-Multiplayer games are overwhelmingly the most popular form of gaming, not single player games.
    - the absence of the most popular chinese PC games or any of the most popular popular games (from any platform) for that matter on the system
    - the fact most of the popular chinese games are F2P, of which Xbox One has very few, and not the popular chinese ones either.
    - lack of mindshare of Xbox or its software brands among chinese gamers, particularly compared to PC
    - PC gaming being mind bogglingly more popular than consoles in China
    - Cybercafes are where a large portion of chinese game
     
  10. DSoup

    DSoup Series Soup
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    Censorship is the big one. As somebody who travels to China frequently, there are plenty of movies and books I will not take or even have accessible on my media. It's just not worth the risk of breaking a prohibition.
     
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  11. tuna

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    I have been to China multiple times and I never felt any danger in bringing books or other media with me. As long as you do not bring books/media concerning the party's elite (and porn) I think you should be perfectly fine.
     
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  12. DSoup

    DSoup Series Soup
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    Why? I can understand that it's important for fanboys but what does this get Microsoft exactly?

    I can only assume you've never had a random search at Shanghai (Pudong) or Beijing? As somebody who works for Government I get a lot of 'random' searches in these international airports. You're fine if you're not being searched.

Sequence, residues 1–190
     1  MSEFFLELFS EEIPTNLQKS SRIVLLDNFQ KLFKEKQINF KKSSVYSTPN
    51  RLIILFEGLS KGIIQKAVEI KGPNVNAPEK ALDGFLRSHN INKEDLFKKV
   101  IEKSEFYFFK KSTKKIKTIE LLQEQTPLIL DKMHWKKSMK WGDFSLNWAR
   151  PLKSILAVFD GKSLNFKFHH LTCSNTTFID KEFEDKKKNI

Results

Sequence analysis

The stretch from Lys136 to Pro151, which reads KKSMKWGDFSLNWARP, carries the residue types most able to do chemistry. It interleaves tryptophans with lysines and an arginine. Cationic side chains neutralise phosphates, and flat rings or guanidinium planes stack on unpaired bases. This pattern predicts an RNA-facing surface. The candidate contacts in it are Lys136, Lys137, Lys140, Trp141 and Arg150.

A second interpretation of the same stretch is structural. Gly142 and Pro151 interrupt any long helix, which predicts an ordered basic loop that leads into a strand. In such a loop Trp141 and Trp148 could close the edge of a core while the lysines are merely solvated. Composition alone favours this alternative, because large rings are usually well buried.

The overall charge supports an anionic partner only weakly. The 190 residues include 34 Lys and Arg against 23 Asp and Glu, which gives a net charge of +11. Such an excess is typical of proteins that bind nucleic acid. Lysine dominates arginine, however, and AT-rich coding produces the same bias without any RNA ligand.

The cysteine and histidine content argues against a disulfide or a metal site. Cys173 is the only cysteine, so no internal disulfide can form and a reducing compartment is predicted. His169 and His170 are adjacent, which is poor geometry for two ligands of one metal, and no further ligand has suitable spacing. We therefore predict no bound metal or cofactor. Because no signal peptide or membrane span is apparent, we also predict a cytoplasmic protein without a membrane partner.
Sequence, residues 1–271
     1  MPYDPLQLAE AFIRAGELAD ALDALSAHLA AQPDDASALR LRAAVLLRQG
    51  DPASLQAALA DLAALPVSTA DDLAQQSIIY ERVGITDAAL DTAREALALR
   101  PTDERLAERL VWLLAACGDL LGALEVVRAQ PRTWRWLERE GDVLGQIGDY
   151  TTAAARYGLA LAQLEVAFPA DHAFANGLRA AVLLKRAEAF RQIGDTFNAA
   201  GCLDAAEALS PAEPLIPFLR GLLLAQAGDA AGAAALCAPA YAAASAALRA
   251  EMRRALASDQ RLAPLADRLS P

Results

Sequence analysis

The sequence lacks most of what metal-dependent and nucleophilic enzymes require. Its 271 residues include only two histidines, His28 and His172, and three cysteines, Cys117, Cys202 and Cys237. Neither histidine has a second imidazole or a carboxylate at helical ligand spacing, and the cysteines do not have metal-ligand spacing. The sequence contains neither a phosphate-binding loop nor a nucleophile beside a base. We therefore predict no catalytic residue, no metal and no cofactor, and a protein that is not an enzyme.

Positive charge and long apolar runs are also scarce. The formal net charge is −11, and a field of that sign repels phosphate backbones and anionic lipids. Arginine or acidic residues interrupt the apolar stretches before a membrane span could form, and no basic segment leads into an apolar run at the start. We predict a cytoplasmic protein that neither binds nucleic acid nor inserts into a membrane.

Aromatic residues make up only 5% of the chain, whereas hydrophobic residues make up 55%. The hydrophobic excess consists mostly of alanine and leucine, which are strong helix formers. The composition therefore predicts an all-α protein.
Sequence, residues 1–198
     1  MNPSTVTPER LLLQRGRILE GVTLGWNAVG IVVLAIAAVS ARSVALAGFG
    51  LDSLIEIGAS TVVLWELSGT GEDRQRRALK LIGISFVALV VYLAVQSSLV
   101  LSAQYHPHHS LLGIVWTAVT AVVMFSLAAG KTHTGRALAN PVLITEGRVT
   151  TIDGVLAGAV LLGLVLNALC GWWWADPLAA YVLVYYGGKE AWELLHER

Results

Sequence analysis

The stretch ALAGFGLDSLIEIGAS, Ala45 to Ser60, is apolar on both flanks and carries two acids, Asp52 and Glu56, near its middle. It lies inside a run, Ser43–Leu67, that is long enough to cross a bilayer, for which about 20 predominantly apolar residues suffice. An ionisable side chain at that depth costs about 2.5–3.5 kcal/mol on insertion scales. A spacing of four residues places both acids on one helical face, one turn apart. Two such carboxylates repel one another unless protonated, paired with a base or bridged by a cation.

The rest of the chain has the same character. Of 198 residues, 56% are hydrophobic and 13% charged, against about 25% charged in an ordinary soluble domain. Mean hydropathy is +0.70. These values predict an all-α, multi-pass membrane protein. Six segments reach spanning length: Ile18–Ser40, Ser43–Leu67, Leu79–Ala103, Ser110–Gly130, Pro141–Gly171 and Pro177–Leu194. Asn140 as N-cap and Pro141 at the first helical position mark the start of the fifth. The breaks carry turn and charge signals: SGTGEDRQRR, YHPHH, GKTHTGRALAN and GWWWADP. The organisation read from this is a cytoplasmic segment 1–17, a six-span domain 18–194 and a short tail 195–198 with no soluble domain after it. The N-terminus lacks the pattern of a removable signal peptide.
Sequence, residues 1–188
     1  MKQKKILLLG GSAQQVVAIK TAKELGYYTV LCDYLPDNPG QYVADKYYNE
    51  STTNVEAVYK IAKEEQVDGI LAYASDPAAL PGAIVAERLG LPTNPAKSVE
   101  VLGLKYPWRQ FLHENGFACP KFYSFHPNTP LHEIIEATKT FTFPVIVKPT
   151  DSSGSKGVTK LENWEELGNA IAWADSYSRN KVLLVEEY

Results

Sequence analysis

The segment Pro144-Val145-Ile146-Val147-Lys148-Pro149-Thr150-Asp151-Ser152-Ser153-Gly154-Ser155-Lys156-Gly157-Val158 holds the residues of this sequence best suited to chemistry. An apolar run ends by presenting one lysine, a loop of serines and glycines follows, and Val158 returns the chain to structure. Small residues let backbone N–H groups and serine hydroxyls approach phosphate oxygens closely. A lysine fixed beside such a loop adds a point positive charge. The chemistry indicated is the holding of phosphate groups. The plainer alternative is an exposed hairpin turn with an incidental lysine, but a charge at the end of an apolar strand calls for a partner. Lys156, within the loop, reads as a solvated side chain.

#12 DSoup, May 27, 2017
    Last edited: May 27, 2017
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  13. tuna

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    What would happen if they search you and they find some media that is not sold in China? I do not think they would care, but maybe you have other experiences?
     
  14. DSoup

    DSoup Series Soup
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    First offence is generally confiscation of said media/device. Second offence is prison. You get a second chance because you're a foreigner. Chinese nationals do not enjoy that learning experience.
     
  15. wco81

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    So piracy is not still a big thing in China?
     
  16. DSoup

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    What's piracy got to do with Chines cultural prohibitions?
     
  17. wco81

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    Because you were talking about "media not sold in China."
     
  18. DSoup

    DSoup Series Soup
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    I never said what you quoted. Ignoring that, that's not the problem because the black market is huge in China. The problem is getting caught bringing in culturally prohibited material. I said I avoided bringing in media when I visit and that's because of the risk of getting caught bringing in media including subjects which are culturally prohibited. This is greater for me than others because of where I work - as I said.

    The Chinese authorities officially ban very little media content these days. But they don't have too; the risk of being found in possession of said media is generally sufficient to drive it underground but the black market is not a viable markets for console manufacturers in a country which has zero regard for basic human rights.
     
  19. wco81

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    But people can get some of that media with VPN right?

    Heard a lot of Westerners will use VPN when visiting to access any site they want.
     
  20. DSoup

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    First and foremost there is the GFW, second China heavily regulates the use of VPNs and made legislative changes earlier this year that effectively bans unregulated use of VPNs. You want to take a risk of using a VPN in a country where 'legal rights' exist only a principle and aren't enshrined in law and where you can be imprisoned without charge indefinitely? Sure. You go right ahead. :nope:

    How long has China been a part of the West?